Among the preserved steam railways of Great Britain, the Keighley & Worth Valley Railway [http://www.kwvr.co.uk] was notably quick off the mark.
British Railways closed the branch from Keighley to Oxenhope in 1962, the year before the publication of the Beeching Report, and the Keighley & Worth Valley Preservation Society had the line running again by 1968, the year that steam traction finally disappeared from main line British railways. (For comparison, the narrow-gauge Talyllyn Railway opened in 1951; the standard-gauge Bluebell Railway in Sussex opened in 1960.)
As a result the K&WVR remains the only British heritage railway that operates a branch line in its entirety, and in its relatively short five-mile length it offers the traveller connection from the main line at Keighley, two tunnels, a significant viaduct and a succession of stations with attractions of ranging from rolling-stock displays to tearooms. The penultimate station on the ride up to Oxenhope is Haworth, the key location in understanding the writings and personalities of the Brontë sisters, Charlotte, Emily and Anne. (Their brother Branwell was, briefly, a ticket clerk at Luddendenfoot station on the Manchester & Leeds Railway: he was not a success.)
The line also benefitted, both financially and in terms of publicity, as the location for the Lionel Jeffries’ 1970 film The Railway Children and John Schlesinger’s 1979 film Yanks.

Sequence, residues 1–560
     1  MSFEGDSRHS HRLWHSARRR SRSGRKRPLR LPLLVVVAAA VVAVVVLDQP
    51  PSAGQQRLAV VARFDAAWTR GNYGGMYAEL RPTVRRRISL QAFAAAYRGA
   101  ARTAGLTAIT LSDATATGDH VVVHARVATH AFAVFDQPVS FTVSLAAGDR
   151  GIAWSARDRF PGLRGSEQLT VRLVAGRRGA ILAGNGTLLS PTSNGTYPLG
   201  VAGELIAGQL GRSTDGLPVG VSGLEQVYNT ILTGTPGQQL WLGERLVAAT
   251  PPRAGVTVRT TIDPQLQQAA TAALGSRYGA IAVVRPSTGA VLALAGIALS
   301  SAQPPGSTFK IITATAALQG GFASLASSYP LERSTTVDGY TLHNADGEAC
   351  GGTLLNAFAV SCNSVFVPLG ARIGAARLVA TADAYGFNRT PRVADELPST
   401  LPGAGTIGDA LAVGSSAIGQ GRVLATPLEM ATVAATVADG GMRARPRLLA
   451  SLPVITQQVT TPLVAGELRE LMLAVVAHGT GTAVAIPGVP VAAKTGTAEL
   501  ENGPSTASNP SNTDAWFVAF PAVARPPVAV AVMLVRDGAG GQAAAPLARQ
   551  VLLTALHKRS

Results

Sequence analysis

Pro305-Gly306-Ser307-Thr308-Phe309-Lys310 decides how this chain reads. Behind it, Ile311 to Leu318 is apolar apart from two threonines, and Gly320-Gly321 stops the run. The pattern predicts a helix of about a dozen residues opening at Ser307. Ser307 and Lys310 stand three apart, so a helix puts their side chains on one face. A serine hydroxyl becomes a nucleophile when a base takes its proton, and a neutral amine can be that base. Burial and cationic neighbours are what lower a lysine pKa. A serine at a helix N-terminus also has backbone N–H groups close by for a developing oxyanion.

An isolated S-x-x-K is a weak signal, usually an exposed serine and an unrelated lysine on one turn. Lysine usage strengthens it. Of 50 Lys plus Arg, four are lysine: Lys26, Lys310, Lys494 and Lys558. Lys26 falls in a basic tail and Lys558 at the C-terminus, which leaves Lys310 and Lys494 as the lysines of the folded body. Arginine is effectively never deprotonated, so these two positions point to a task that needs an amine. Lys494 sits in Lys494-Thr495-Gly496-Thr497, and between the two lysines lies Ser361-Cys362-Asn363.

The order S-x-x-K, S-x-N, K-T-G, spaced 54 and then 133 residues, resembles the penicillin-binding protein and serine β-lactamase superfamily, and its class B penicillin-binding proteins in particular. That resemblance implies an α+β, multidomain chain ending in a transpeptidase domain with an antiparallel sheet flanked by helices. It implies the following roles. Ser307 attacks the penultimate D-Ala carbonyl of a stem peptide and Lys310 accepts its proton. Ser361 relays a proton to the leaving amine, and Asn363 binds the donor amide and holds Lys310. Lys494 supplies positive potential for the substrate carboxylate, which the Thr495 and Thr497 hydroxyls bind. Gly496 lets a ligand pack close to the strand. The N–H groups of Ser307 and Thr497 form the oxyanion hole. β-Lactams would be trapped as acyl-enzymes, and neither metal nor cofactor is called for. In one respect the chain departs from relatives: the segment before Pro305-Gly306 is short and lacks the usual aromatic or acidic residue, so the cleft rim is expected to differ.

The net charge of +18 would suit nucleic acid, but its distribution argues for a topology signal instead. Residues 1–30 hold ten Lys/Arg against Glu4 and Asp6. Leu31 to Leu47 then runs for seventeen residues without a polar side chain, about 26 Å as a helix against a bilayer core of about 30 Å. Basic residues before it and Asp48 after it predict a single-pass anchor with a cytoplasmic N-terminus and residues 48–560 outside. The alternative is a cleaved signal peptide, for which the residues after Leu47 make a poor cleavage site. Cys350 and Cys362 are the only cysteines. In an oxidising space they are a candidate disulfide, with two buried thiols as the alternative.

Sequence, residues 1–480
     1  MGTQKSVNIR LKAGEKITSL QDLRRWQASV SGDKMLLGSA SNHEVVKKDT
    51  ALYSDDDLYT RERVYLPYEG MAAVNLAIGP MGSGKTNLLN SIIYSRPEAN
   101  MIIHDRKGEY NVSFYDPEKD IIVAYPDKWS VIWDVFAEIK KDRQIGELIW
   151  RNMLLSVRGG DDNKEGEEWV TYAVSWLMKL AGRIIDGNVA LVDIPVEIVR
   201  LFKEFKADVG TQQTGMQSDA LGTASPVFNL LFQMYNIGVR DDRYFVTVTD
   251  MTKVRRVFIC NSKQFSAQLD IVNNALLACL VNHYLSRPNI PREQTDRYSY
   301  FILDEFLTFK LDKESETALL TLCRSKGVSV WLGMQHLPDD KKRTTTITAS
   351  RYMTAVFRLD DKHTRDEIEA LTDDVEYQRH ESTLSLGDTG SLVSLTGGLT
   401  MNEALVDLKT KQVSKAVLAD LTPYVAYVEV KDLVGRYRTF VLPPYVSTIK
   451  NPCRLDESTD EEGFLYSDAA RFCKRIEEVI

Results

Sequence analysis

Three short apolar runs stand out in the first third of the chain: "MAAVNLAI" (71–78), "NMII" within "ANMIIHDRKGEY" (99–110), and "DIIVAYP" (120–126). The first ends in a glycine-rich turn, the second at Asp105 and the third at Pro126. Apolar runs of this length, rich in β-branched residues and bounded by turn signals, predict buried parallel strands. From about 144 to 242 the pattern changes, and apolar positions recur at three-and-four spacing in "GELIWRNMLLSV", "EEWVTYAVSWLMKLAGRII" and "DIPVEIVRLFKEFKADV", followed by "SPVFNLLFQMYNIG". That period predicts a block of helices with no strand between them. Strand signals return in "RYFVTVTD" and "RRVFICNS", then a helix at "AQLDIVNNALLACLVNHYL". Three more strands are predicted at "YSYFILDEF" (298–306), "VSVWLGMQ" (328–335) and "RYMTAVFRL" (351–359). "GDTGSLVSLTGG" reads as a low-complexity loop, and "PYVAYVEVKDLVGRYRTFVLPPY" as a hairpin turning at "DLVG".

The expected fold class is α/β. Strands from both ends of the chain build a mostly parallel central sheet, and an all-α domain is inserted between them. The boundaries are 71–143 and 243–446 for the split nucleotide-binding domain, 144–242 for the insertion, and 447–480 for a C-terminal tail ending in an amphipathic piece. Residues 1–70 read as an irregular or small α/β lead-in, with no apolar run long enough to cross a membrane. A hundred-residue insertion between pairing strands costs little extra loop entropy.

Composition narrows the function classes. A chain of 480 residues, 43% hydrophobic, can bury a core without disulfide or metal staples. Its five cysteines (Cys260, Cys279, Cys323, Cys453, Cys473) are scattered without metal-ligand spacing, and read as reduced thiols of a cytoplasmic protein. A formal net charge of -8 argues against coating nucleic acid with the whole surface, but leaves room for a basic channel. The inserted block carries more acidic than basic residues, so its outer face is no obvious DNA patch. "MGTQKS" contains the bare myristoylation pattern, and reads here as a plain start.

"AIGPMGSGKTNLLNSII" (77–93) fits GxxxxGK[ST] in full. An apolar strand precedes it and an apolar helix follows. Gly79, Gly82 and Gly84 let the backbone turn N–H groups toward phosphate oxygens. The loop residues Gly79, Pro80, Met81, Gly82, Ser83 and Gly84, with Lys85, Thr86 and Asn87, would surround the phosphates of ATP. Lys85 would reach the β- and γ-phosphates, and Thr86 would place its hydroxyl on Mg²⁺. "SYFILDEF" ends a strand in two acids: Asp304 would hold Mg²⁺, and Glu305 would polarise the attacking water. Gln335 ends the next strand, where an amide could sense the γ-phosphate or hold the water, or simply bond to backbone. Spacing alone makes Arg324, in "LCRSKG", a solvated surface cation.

One of its other proud claims to fame is that it is the only railway that serves real ale in its buffet car. The railway’s real-ale festivals are, by all accounts, jolly affairs.
This branch, opened in 1867 and operated from the outset by the Midland Railway, was not the only railway in the valley. The rival Great Northern Railway reached Keighley in 1882 by a contorted system connecting Bradford, Halifax and Keighley linked by an unusual triangular station at Queensbury. The Queensbury-Keighley route trailed into the Worth valley through the 1,533-yard Lees Moor Tunnel, built on a ninety-degree curve that was no fun to drive a steam loco through. Almost all of this improbable network has disappeared and can be best explored at http://www.lostrailwayswestyorkshire.co.uk/Queensbury.htm. Lees Moor Tunnel became, of all things, a caravan park: http://www.forgottenrelics.co.uk/tunnels/gallery/leesmoor.html.
The 48-page, A4 handbook for the 2011 Waterways & Railways across the Northern Pennines tour, with text, photographs, maps and a reading list, is available for purchase, price £7.50 including postage and packing. To view sample pages click here. To order a copy, please click here or, if you prefer, send a cheque, payable to Mike Higginbottom, to 63 Vivian Road, Sheffield, S5 6WJ.